I am with Bush on the war and agree with him that it must be our top priority, but his domestic agenda and mine have been, shall we say, divergent. Another reason for me to back the war:
- With Bush focused mostly on the war in Iraq, a small but crucial number of GOP lawmakers has broken ranks and dealt significant blows to several of his highest-profile policies. The president’s $726 billion tax cut proposal has been sliced in half, his plan for oil drilling in Alaska defeated, his faith-based plan stripped to its bare bones and his cap on medical malpractice lawsuit damages put on life support.
The war has largely overshadowed the unusual string of setbacks for Bush, who lost few congressional battles in his first two years in office. But the recent events, occurring mainly in the Senate, underscore the unease that some Republicans and most Democrats feel toward his ambitious domestic plans for a nation facing a war and deep deficits.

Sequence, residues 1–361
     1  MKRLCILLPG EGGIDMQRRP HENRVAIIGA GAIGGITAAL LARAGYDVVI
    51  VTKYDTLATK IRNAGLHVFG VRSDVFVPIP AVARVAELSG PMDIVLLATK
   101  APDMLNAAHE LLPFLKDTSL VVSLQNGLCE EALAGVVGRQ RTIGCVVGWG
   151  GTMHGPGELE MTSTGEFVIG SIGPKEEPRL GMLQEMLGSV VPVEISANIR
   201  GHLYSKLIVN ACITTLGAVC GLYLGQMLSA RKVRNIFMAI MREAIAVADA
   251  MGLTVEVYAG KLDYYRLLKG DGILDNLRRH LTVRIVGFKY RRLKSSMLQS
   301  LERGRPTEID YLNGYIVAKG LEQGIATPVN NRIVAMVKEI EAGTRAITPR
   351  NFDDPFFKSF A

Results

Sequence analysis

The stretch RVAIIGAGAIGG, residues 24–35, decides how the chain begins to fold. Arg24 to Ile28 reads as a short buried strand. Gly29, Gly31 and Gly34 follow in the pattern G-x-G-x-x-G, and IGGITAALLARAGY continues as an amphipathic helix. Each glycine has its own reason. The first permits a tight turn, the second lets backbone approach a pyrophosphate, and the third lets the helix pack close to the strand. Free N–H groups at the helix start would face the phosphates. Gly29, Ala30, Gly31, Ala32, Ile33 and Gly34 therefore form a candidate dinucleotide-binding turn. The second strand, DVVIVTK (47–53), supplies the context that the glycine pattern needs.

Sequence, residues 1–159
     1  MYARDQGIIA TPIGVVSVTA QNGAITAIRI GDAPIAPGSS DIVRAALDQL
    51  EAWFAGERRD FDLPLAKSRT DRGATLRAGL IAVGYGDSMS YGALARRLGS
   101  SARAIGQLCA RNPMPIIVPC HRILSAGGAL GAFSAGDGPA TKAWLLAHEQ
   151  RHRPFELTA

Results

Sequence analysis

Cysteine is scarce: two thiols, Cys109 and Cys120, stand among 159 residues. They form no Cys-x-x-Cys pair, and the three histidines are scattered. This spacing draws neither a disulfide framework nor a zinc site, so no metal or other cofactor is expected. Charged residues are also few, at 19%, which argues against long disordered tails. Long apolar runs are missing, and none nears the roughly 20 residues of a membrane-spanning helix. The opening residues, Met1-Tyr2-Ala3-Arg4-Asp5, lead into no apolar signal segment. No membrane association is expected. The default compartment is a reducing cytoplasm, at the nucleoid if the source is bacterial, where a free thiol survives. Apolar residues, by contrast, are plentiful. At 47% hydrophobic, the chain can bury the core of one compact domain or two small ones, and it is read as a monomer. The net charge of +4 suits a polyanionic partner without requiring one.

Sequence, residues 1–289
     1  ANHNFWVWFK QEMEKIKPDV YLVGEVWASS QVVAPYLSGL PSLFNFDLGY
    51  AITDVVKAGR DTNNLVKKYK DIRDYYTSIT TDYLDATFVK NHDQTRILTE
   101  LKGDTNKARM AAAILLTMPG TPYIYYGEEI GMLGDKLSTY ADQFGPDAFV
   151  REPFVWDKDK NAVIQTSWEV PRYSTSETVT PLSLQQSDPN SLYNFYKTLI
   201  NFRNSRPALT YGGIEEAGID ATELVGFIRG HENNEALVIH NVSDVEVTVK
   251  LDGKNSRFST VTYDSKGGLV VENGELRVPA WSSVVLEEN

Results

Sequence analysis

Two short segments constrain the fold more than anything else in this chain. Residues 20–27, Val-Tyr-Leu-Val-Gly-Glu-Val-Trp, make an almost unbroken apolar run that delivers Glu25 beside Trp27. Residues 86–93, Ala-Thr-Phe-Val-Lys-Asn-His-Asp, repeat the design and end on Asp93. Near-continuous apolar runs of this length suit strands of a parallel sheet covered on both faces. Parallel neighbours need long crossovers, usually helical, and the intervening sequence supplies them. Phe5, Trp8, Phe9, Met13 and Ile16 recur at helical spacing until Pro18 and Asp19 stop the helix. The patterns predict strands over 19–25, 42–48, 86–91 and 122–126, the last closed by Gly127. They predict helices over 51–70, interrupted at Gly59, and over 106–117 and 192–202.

….Frist and his allies failed to snag the all-important Republicans they needed, including freshman Sen. Norm Coleman of Minnesota and Sen. Gordon Smith of Oregon.
….Coleman, who benefited greatly from Bush’s campaign appearances in his tough campaign last fall, said Bush is not using “strong-arm” tactics to change his mind. Indeed, several Republicans said Bush has paid little attention to events on Capitol Hill since the war began. [Washington Post]
I like Bush even more with this benign neglect toward a domestic agenda with which I disagree.